When your parents are splitting up, anxiety can cause difficulties with sleeping. This is a perfectly normal reaction to stress (see our guide to stress).
However, a good night’s rest is vitally important to your health. It protects you physically and mentally, and it will help you manage during this difficult time.
Scientists have found that anxiety and stress both directly impact sleep. When you feel anxious, your heart rate increases. This causes your brain to race, too. With an alert mind, you can feel too stimulated to sleep.
To make matters worse, an active brain triggers other worries – so it’s even harder to sleep. It can feel like a vicious circle.
What can I do?
Try some of these exercises and techniques:
- Write – Sometimes, sharing your thoughts with others during the day can help you stop worrying in the middle of the night. Use our Share Your Story tool or talk to someone but try not to use digital devices at night – the light from mobiles and tablets affects sleep for the worse.
- Breathe – Place your hand on your heart and listen to your breathing. Breathe in deeply for four seconds, and then breathe out slowly. Repeat. This will help slow your heart rate, which in turn slows down your brain activity.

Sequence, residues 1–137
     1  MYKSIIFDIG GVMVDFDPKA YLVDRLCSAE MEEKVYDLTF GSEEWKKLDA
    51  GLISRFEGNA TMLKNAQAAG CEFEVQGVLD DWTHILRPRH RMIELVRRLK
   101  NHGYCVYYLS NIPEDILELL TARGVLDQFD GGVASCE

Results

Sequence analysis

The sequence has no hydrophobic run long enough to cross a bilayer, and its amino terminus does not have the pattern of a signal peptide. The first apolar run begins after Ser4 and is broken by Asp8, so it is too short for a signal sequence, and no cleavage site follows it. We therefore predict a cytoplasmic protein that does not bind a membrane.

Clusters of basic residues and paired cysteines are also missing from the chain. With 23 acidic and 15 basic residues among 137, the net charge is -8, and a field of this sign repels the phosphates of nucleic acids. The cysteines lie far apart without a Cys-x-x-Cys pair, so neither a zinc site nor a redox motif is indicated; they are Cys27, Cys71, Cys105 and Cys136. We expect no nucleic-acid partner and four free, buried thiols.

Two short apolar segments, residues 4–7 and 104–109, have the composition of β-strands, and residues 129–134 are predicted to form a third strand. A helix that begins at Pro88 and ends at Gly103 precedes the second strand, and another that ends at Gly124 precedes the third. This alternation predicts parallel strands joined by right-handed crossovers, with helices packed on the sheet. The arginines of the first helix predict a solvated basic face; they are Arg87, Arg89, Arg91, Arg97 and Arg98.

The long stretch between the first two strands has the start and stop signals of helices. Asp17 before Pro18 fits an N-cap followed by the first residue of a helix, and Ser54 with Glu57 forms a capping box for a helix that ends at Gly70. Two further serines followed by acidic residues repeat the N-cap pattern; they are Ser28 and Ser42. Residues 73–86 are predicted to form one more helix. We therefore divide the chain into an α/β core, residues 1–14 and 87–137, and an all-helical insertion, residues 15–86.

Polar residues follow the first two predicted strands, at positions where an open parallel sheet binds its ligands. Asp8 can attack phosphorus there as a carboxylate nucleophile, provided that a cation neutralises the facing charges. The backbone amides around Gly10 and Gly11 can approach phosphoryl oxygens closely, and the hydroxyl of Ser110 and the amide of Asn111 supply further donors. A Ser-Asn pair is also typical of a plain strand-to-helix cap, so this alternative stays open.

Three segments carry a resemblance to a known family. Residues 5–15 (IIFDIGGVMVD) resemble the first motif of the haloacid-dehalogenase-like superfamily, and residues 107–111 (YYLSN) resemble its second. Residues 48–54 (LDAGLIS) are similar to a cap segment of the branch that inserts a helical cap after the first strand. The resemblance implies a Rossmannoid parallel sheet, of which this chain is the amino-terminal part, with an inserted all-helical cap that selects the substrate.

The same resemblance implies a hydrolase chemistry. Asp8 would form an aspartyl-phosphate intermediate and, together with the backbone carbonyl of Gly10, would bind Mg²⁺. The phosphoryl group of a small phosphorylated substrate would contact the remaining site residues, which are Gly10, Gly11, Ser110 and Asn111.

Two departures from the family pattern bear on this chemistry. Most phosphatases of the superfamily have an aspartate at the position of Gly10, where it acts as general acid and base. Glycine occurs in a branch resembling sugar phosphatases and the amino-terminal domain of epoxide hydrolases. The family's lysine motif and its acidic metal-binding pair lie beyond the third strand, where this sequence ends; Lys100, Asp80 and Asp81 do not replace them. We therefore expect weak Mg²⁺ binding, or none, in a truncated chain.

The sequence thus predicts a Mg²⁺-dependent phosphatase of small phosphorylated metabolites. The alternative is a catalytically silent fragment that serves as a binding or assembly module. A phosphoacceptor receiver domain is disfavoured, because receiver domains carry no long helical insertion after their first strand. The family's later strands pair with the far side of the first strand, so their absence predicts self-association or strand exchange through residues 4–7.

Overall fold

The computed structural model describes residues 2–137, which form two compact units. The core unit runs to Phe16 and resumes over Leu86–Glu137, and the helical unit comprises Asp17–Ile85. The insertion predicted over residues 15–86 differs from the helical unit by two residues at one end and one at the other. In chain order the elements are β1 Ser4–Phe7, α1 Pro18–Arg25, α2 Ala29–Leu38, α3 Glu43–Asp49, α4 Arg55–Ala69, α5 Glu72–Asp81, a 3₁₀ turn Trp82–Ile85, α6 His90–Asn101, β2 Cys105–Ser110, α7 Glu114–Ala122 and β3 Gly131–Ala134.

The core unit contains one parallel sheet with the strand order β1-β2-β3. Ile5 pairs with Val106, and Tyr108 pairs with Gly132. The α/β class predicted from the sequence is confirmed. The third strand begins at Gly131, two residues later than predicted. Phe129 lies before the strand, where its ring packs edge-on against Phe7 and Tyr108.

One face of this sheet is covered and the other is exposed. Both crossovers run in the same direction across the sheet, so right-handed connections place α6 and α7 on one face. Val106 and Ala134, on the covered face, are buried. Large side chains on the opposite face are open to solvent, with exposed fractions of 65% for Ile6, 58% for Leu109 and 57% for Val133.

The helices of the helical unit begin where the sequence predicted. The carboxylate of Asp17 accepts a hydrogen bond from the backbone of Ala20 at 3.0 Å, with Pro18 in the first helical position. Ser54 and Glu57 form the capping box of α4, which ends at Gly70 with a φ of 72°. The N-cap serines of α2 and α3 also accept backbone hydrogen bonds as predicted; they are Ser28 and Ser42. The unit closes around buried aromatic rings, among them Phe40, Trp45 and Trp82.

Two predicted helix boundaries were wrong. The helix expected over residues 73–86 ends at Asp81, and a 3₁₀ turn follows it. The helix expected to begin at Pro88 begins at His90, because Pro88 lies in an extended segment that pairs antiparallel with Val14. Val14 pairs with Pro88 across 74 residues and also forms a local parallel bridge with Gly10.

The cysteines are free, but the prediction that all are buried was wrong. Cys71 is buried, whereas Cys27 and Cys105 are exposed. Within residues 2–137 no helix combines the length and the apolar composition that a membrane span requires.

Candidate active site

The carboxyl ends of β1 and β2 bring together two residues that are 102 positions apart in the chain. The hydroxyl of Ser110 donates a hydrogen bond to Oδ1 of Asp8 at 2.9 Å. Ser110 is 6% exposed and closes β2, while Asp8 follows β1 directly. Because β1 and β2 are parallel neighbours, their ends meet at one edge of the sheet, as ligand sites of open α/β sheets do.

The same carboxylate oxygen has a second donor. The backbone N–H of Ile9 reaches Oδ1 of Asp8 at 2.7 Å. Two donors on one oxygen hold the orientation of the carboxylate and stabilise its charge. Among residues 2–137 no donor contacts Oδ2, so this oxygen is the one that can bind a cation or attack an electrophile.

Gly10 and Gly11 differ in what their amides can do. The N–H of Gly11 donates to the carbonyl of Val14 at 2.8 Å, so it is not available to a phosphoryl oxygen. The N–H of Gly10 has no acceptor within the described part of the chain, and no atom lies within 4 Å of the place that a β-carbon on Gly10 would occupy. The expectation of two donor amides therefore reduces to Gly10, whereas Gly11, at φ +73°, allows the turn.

- Speak – Speaking aloud overrides thinking, and this can stop negative thoughts in their tracks. Try using the following technique; instead of thinking “I don’t know what is going on”, say aloud “I will talk to someone about what is happening”.
Where can I find help?
- If you need someone to talk with and would like support from our partners, The Mix, use this tool to find more content, a freephone helpline, online forums, apps and more: open tool.
- Use our Share Your Story tool to write down your thoughts and read about others feeling the same.
If you feel you need further help with your sleep, speak to your doctor (GP). They will understand. Tell them how you are feeling and they will discuss the best options for you.